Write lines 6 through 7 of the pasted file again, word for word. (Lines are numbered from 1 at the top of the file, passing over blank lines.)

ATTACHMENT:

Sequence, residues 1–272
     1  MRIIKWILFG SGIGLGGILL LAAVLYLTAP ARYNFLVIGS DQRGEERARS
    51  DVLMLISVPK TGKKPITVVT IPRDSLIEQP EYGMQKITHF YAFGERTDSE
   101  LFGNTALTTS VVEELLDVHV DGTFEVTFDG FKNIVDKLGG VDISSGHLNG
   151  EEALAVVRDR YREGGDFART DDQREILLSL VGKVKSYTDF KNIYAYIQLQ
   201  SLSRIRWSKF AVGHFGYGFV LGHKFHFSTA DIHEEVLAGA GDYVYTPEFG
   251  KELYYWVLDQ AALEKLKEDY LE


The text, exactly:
   201  SLSRIRWSKF AVGHFGYGFV LGHKFHFSTA DIHEEVLAGA GDYVYTPEFG
   251  KELYYWVLDQ AALEKLKEDY LE